Asha Parekh: Why conferring Dadasaheb Phalke award to her should be celebrated
The Phalke for Asha Parekh recognises the long overdue honour for one of the most influential actresses to grace Indian cinema
The news of Asha Parekh, one of the biggest film stars to grace the silver screen, being conferred with the Dadasaheb Phalke award, India’s highest film honour, has generated mixed reactions. The announcement of Phalke has brought the long-retired actress under the spotlight. While there can be questions about the timing of the decision to honour the legendary actress, by comparison, many such as Jamuna or the iconic P Susheela and peerless S Janaki, deserve the Phalke. Be that as it may, the Phalke for Asha Parekh recognises the long overdue honour for one of the most influential actresses to grace Indian cinema.
Asha Parekh dominated Hindi cinema in the 1960s and early 1970s, unlike any other leading lady. A child prodigy discovered by the legendary Bimal Roy, who cast her at the age of ten in his films Maaand Baap Beti, after seeing her dance in a stage show, Asha Parekh had a short-lived career as a child artist. She was nearly cast opposite Rajendra Kumar in Goonj Uthi Shehnai. Still, she was passed over for Ameeta at the eleventh hour because the director, Vijay Bhatt, did not think she was ‘star material.’ Parekh proved him wrong only a few days later when the stalwart S Mukherji cast her in Dil Deke Dekho. The film was a resounding success, and it also started her long association with its director Nasir Husain, who would cast her in his subsequent five films on a trot.
It’s interesting to see how Asha Parekh was perhaps one of the earliest leading ladies who smashed the notion that for an actress to be successful in Hindi cinema, she had to form a commercially successful pair with the most prominent male star of the period. Unlike Nargis, Madhubala and Meena Kumari, who were forced by the trade to rely on their pairing with their male contemporaries Raj Kapoor and Dilip Kumar to be considered ‘stars.’ It was infrequent that they got a role that was author-backed in every sense of the word unless it was a romance (read casting of male stars) or the ‘women-centric’ film, a la Mother India,or Pakeezah. The other actress who managed to command significant roles was Nutun, with films such as Seema and Bandini. Even with such films to her name, Nutun did not have it easy.
The period when Asha Parekh came to the fore was one where the old guard of leading men was making space for the new ones. Many of the ‘new’ stars were, in fact, near veterans such as Rajendra Kumar, Shammi Kapoor and Sunil Dutt, who finally managed their moment in the sun as the likes of Dilip Kumar and Raj Kapoor had practically ceased to be the leading men. Parekh enjoyed great success with the other star from that pack, Dev Anand, and formed a great onscreen pair with Shammi Kapoor and Sunil Dutt. She also enjoyed great chemistry with Manoj Kumar, Dharmendra and Rajesh Khanna.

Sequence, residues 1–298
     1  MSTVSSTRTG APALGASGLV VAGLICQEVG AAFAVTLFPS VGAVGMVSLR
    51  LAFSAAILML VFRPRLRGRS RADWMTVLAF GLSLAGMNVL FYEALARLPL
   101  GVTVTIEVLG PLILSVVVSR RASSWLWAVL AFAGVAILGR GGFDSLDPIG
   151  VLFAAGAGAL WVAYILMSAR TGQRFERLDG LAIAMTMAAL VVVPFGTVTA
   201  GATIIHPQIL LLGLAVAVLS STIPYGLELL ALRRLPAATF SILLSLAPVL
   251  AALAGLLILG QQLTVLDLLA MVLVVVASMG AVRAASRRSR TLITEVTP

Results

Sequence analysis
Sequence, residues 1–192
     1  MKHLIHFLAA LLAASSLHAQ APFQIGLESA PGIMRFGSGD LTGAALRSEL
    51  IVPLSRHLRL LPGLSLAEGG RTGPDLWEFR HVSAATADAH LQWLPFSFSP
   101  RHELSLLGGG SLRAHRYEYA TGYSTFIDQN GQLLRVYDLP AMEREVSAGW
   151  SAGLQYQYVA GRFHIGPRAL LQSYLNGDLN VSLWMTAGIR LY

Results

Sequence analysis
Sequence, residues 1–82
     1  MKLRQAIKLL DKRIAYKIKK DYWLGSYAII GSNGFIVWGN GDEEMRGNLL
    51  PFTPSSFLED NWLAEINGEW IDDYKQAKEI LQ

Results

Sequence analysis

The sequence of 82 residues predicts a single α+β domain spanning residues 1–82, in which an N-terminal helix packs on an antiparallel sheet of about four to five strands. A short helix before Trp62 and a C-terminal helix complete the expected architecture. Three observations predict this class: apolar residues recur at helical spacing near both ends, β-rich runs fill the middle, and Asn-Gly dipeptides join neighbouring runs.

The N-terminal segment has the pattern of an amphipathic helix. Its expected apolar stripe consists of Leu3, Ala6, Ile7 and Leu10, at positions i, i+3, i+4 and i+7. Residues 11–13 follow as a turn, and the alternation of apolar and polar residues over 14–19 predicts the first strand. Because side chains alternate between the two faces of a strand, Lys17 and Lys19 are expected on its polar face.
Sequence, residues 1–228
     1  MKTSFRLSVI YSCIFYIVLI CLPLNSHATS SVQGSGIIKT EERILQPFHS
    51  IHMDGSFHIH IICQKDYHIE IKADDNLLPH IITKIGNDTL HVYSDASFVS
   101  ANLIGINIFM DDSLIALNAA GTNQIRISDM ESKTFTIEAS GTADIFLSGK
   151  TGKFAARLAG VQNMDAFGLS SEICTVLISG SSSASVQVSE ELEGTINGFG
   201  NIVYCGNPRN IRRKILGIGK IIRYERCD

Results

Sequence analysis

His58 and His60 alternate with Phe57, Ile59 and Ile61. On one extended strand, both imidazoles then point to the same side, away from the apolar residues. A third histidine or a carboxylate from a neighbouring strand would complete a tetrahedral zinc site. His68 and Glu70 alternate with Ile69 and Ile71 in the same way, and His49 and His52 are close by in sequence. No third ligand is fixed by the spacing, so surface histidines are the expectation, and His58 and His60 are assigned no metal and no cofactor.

What is also interesting is how in the films that she did with new stars, such as Rajesh Khanna Baharon Ke Sapne (1967), Aan Milo Sajna (1970), and Kati Patang <(1971), her role is far more defined than the ‘hero.’ Asha Parekh’s stardom can be gauged by how the leading man is incidental in some of the biggest hits such as Phir Wohi Dil Laya Hoon (1963), Pyar Ka Mausam (1969), and Caravan (1971).
Asha Parekh’s body of work included the biggest blockbusters and landmark films of the era: Jab Pyar Kissi Se Hota Hai (1960), Teesri Manzil (1966), Love in Tokyo (1966), Do Badan (1966), Aaye Din Bahar Ke (1966), Upkar (1967), Shikar (1968), Kanyadaan (1968), Sajan (1969), Pyar Ka Mausam (1969), Aya Sawan Jhoom Ke (1969), Mera Gaon Mera Desh (1971), Samdhi (1972), Heera (1973), Zakhmee (1975) and Main Tulsi Tere Angan Ki (1978). Still, she, along with Sadhana, the other doyen of the period, suddenly fell out of the reckoning with the advent of Amitabh Bachchan and younger stars such as Rishi Kapoor.
Asha Parekh featured in supporting roles through the 1980s, and here, too, she enjoyed immense success with Bulandi (1980), Kaalia (1981), Hathyar (1989) and Batwara (1989). She became a successful television director and served as the first woman chairperson of Central Board of Film Certification (Censor Board).
In the last few years, the Narendra Modi government has initiated several changes in how awards and honours operate in India. Each year, one gets to know about the lesser celebrated heroes whose lifelong work is getting acknowledged. The People’s Padma is one such example where for the first time, the real heroes are being honoured. Yes, one would love to see some other legends be given the honour they richly deserve and were overlooked for some reason, but that in no way should diminish Asha Parekh’s moment.
The writer is a film historian. Views expressed are personal.